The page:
Quick Stats

Quick Stats

    You are here

    Online Grocery Study Finds Center Store Food, Nonfoods 'Doing Well'

    Willard Bishop delivers 1st comprehensive 'SuperStudy'

    By Meg Major, EnsembleIQ

    Willard Bishop's recently-released 2015 eCommerce SuperStudy sheds some much-needed light on the value of online grocery shopping programs from both the retailer and supplier perspective, particularly in the areas of financial metrics, category performances and shopper behaviors.

    The new study, which benchmarks category performance and ranks manufacturers’ performance across four leading click-and-mortar retailers, provides fresh insights on grocery e-commerce, including a list of top-tier CPG manufacturers that are winning the fair-share-battle for food and non-food sales within the digital marketplace.

    Paul Weitzel, managing partner at Willard Bishop, said, “Overall, center store food and non-food categories are doing very well online; however, the different fulfillment models cause category performance to vary significantly. The online trip averages 44 units per order 90 percent of the time, when the basket is more than 50 units. Online orders are large and broad," Weitzel continues, "and consumers are shopping the entire store, which is very different than traditional in-store baskets, which are much smaller and more specific. You get fewer cherry pickers online [alongside] core customers shopping for convenience; they are profitable and very important."

    'Paper Products Twice as Important Online'

    Interestingly, he notes, "Some categories are disproportionately more important online," a good example being paper products, "which are twice as important online than in-store. This is a category that many grocers gave away to mass and club and e-commerce is showing that they can win back some of this business."

    Among the categories that are trending stronger than others, Weitzel says, "Frozen foods indexes the highest online on a fair share basis among all store departments. Temperature state is not an issue. In addition, consumers are accepting someone else picking out their fresh product," which Weitzel says "is no longer an issue for most core online shoppers."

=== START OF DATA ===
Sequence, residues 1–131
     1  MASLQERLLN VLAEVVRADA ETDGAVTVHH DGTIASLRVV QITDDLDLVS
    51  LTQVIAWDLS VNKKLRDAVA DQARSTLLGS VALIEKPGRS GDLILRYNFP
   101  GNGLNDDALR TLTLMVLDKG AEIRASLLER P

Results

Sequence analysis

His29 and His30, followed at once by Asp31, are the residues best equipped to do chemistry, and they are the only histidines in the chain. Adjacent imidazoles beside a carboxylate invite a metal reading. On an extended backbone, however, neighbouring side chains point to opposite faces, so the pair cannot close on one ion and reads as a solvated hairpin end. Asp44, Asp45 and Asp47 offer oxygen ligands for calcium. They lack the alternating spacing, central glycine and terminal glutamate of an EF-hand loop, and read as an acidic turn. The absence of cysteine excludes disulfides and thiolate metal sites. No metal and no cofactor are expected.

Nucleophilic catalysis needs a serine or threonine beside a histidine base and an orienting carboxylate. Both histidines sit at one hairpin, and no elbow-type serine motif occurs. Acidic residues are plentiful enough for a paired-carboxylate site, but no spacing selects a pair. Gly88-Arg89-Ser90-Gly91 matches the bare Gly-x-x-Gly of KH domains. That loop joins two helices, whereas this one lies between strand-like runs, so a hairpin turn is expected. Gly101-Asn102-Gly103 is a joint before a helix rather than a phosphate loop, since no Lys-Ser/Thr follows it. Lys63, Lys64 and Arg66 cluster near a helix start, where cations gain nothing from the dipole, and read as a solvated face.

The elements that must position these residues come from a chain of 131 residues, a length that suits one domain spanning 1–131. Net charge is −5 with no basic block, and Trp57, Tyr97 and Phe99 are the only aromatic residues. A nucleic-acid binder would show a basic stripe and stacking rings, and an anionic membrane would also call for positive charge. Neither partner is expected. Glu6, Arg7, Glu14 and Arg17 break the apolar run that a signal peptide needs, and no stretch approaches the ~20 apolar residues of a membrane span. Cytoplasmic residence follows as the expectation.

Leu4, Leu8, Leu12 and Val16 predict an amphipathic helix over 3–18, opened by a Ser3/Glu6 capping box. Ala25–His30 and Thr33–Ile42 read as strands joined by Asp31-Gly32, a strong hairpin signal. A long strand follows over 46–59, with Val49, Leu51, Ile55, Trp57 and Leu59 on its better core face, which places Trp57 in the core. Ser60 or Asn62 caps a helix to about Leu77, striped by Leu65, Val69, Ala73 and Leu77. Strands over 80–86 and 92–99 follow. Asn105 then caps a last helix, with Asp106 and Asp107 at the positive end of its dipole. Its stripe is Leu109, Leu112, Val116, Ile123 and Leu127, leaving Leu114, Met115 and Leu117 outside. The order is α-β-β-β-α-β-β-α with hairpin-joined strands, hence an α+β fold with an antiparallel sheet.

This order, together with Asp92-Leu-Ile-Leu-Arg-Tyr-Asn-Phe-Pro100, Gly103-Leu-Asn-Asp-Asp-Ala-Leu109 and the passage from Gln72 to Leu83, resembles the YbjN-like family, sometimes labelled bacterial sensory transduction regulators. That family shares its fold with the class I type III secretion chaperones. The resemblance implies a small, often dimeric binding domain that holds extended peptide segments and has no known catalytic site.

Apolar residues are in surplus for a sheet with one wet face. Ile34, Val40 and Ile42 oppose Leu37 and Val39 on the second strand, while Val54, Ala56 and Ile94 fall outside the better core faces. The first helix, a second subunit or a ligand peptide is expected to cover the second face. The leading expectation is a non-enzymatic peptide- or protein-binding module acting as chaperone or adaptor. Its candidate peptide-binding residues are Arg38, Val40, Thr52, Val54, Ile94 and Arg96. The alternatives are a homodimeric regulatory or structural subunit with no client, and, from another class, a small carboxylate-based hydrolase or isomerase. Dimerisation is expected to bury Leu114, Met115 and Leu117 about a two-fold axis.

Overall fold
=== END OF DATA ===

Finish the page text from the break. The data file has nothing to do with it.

However, different fulfillment models cause category performance to vary significantly. "Some categories are also disproportionately more important for home deliveries versus store pick-up programs. Express-lane pick-up locations tend to be soccer moms with two kids in the back seat, so family, children's and baby categories index really high at these locations. Stores that offer home deliveries see higher sales for categories that cater more to the elderly population."

    By Meg Major, EnsembleIQ
    • About Meg Major Veteran supermarket industry journalist Meg Major brings a wealth of experience to her role as Chief Content Editor of Progressive Grocer. In addition to her editorial duties, Major also spearheads the retail food industry’s premier women’s leadership recognition platform, Top Women in Grocery. Follow her on Twitter at @Meg_Major, connect with her on LinkedIn at www.linkedin.com/in/megmajor, or email her at [email protected]

    Related Content

    Related Content